Oxytocin induces long-term changes in, for example, blood pressure, spontaneous motor activity and corticosterone levels in rats. Previous studies in male rats have suggested a role for alpha(2)-adrenoceptors within the central nervous system in these effects. The aim of the present study was to investigate if oxytocin treatment in female rats would influence alpha(2)-adrenoceptors within the hypothalamus, the amygdala and the nucleus of the solitary tract (NTS). For this purpose, female ovariectomized (OVX) rats were treated with oxytocin (1 mg/kg s.c.) or saline once a day for 10 days. Rats were decapitated 5 days after the last injection, and brains and plasma were collected. Quantitative receptor autoradiography for characterization of high affinity alpha(2)-adrenoceptor agonist binding and radioimmunoassay for corticosterone were performed. Oxytocin increased the B(max) values of the alpha(2)-adrenoceptor agonist [3H]UK14.304 binding sites significantly in all the analyzed areas (P<0.05). K(d) values were unchanged. Plasma levels of corticosterone were significantly decreased in the oxytocin-treated rats (P<0.05). These findings are in further support of an interaction between oxytocin receptors and alpha(2)-adrenoceptors and show that oxytocin treatment may increase alpha(2)-adrenoceptor recognition probably leading to an increase in alpha(2)-adrenoceptor signaling in several parts of the brain.
"Oxytocin can induce anti-stress-like effects such as reduction of blood pressure and cortisol levels. It increases pain thresholds, exerts an anxiolytic-like effect and stimulates various types of positive social interactions (Uvnas-Moberg and Petersson, 2005). It has been indicated as a " cuddle " transmitter. "
[Show abstract][Hide abstract] ABSTRACT: This article is focused on understanding the mechanisms for the interactions between the central catecholamine (CA) and oxytocin (OXY) neurons and their relevance for brain function especially social behaviour in the field of pair bonding. Such a topic is analysed under two perspectives namely the intercellular communication modes between CA and OXT neurons and the molecular integrative mechanisms at the plasma membrane level between their respective decoding systems. As a matter of fact, recent observations strongly indicate a major role of volume transmission and receptor-receptor interactions in the CA/OXT neuron interplay in the brain control of social behaviour and pair bonding. This article is part of a Special Issue entitled: Brain Integration.
Brain research 02/2012; 1476:119-31. DOI:10.1016/j.brainres.2012.01.062 · 2.84 Impact Factor
[Show abstract][Hide abstract] ABSTRACT: The aim of the present thesis was to investigate hormonal and physiological effects in mothers during a breastfeeding session and in dogs and their owners in response to short-term interaction. In study one, sixty-six mothers receiving either exogenous oxytocin infusion and/or epidural analgesia (EDA) during labor or intramuscular oxytocin injection post partum were studied. Oxytocin, prolactin, adrenocorticotrophic hormone (ACTH) and cortisol levels, as well as blood pressure were measured during a breastfeeding session two days after birth. In response to breastfeeding two days after birth, the mothers displayed a pulsatile release of oxytocin and increasing prolactin levels. In addition, the activity in the HPA-axis was reduced and maternal blood pressure decreased. The results also show that EDA administration in combination with oxytocin during labor resulted in significantly lower oxytocin levels and higher cortisol levels, as well as higher blood pressure in response to breastfeeding two days after birth, compared to EDA administration alone. In addition, oxytocin infusions dose-dependently lowered the mothers’ endogenous oxytocin levels two days after birth. In study two, ten female dog owners and their male Labrador dogs participated, together with ten controls. Their levels of oxytocin, cortisol and insulin, as well as their heart rate, were measured. The connection between the quality of the dog-owner relationship and hormone levels was also explored. Short-term interaction between dogs and their owners resulted in oxytocin release in both species and their cortisol levels and heart rate were also affected. Oxytocin levels and positive attitudes regarding the dog-owner relationship were positively correlated. In conclusion, both human-human and human-animal interactions induce oxytocin release and promote oxytocin mediated effects, such as decreasing cortisol levels and blood pressure. In addition, social interaction and oxytocin levels are positively related.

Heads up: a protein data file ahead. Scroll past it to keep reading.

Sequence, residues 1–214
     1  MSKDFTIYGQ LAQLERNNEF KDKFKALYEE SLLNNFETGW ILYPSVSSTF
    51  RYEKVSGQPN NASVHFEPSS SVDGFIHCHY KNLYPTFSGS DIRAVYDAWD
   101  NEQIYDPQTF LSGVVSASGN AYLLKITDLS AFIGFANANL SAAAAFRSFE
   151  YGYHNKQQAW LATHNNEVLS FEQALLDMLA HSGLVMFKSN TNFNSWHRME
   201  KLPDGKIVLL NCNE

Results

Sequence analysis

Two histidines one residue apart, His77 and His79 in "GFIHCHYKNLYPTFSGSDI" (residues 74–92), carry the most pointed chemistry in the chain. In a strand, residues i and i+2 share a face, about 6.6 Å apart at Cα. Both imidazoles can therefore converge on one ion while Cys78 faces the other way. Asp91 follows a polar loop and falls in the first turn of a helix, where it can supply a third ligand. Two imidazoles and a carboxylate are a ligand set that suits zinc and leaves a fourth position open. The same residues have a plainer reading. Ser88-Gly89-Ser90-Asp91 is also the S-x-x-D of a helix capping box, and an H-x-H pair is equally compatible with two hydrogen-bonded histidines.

[Show abstract][Hide abstract] ABSTRACT: Autism spectrum disorders (ASD) are male-biased and characterized by deficits in social behavior and social communication, excessive anxiety or hyperreactivity to stressful experiences, and a tendency toward repetitiveness. The purpose of this review is to consider evidence for a role for two sexually dimorphic neuropeptides, oxytocin (OT) and arginine vasopressin (VP), in these features of ASD. Both VP and OT play a role in normal development. VP is androgen-dependent and of particular importance to male behavior. Excess VP or disruptions in the VP system could contribute to the male vulnerability to ASD. Alternatively, protective processes mediated via OT or the OT receptor might help to explain the relatively rare occurrence of ASD in females. Disruptions in either OT or VP or their receptors could result from genetic variation or epigenetic modifications of gene expression, especially during early development. Deficits in other developmental growth factors, such as reelin, which may in turn regulate or be regulated by OT or VP, are additional candidates for a role in ASD.
Behavioural Brain Research 02/2007; 176(1):170-86. DOI:10.1016/j.bbr.2006.08.025 · 3.03 Impact Factor
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